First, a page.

The rail industry has had many successes over recent years, as well as difficult times and some failures, but it is what happens in the next 10 years that matters now. For passengers and freight operators, the coming decade is likely to be a period of increasing capacity constraints, congestion and overcrowding, and there is precious little sign that the Government will act to deal with the problem before it becomes acute.

It is not too late to make a difference, but Ministers—who have taken it upon themselves to have a central role in running our railway—must take decisions and act quickly. So far, the decisions are not forthcoming: projects are sitting on the shelf and the things that could make a difference are not happening. If Ministers do not get on with the job, the problem of overcrowding on our railways will be vastly more acute in five or six years than it is now. That will undermine any attempt to deliver a more environmentally friendly transport strategy or to boost the future of our railways. My message to Ministers is that they should not look to the past, but instead look to the future and get something done.

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4.17 pm

Mrs. Gwyneth Dunwoody (Crewe and Nantwich) (Lab): After 10 years of franchising in the rail industry, my Committee concluded that it has been a muddled policy. However, having heard the hon. Member for Epsom and Ewell (Chris Grayling), I believe that my hon. Friends on the Front Bench can be comforted by the knowledge that what we have now could never be as much of a muddle as what he proposes.

I do not want to speak for long today, so I shall concentrate on those matters that I consider to be important. My hon. Friend the Under-Secretary of State for Transport, the hon. Member for Glasgow, South (Mr. Harris), is a handsome fellow and has handed out considerable amounts of money to the rail industry. I suppose that it is slightly ungracious to look a gift horse like that in the mouth, but the reality is that the franchise system has not produced the results that we expected.

It has been stated repeatedly that franchises have led to increased passenger ridership, but someone has to say very clearly that there is no evidence that that is so. The rail companies cannot demonstrate the innovations or improved services that have produced increased numbers of passengers. They maintain that they have been able to secure more passengers, but they do not say how, or when the increases began.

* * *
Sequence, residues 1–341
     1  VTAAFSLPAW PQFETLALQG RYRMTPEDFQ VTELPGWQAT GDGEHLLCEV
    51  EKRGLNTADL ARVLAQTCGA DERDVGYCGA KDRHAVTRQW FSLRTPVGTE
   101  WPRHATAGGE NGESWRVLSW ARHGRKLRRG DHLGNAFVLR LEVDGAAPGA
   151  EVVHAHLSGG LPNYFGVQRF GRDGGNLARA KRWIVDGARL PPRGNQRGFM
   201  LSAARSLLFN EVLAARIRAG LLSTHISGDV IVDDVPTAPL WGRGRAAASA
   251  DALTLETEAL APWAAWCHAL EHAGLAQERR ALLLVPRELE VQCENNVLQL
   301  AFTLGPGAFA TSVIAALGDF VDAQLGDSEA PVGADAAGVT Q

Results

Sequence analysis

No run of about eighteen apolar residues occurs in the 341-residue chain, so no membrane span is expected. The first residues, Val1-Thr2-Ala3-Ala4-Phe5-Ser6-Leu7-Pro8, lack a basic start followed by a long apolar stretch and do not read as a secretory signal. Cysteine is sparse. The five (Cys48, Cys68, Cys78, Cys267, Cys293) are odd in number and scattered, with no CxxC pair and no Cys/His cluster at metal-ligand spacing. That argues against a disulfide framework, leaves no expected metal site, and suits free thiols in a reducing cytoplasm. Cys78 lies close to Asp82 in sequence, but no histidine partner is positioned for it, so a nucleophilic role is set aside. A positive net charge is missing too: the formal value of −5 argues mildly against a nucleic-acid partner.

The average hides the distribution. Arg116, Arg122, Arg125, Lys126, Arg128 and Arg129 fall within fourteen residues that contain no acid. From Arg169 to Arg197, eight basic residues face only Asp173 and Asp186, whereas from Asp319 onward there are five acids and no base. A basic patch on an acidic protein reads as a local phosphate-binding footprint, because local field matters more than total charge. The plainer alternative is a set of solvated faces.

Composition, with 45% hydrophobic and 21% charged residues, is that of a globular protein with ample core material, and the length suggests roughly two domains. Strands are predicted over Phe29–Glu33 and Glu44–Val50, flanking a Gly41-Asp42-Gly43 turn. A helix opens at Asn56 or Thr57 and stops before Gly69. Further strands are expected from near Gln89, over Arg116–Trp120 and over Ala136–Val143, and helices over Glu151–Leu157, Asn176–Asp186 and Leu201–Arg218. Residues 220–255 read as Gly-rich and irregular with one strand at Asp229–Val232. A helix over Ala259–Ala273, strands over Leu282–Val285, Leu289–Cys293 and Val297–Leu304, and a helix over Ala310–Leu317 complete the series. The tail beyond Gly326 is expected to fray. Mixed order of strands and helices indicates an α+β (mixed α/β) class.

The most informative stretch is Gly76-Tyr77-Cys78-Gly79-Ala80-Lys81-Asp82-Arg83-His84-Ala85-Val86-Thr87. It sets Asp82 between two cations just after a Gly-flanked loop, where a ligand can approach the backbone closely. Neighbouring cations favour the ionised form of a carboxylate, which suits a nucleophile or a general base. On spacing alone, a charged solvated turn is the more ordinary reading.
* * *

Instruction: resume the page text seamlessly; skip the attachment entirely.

For most people, it is the overcrowding on the roads that has caused them to opt for rail travel, and the affluence of our society means that they have been able to do so. That means, however, that the Government must be certain that they are getting good value for taxpayers’ money.

Andrew Rosindell (Romford) (Con): The hon. Lady is right to say that taxpayers’ money should be spent wisely. Has she considered the enormous amounts—the billions—that are being spent on the Crossrail project, and does she agree that the money could be better spent on upgrading existing lines?

Mrs. Dunwoody: I am interested in the hon. Gentleman’s question because I understood that the Conservative party was strongly in support of Crossrail and has been trying to raise money throughout the City of London, because it believes that the project can be economically defended. If that is not the case, it would be helpful to know.

The Transport Committee inquiry identified two distinct sets of tasks. We said, first, that

Secondly, we noted that a number of issues needed to be sorted out immediately because there was no clear evidence that the railway companies were doing anything other than resting on their laurels.

The famous canard that only handing over control of major passenger systems to private companies will produce high-quality management and imaginative responses is bizarre. There is no evidence for it. Some companies have produced some small innovations, but the reality is that more people use the services precisely because the Government have insisted on the replacement of old rolling stock, and because some of
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the new services are more efficient than the previous ones and most sensible people know that public transport is infinitely preferable to driving hundreds of miles for many hours.

Mr. Drew: Will my hon. Friend give way?

Mrs. Dunwoody: I shall not if my hon. Friend will forgive me; I do not want to take up too much time.

The Government want competition, but there is no real competition in the system, partly because of the capacity problems. The Committee was worried about the fact that risk had not been transferred to private companies, as was supposed to happen. We pointed out that the more risk the Government transferred to private operators, the more money they added to their demands for doing the job. The Committee concluded: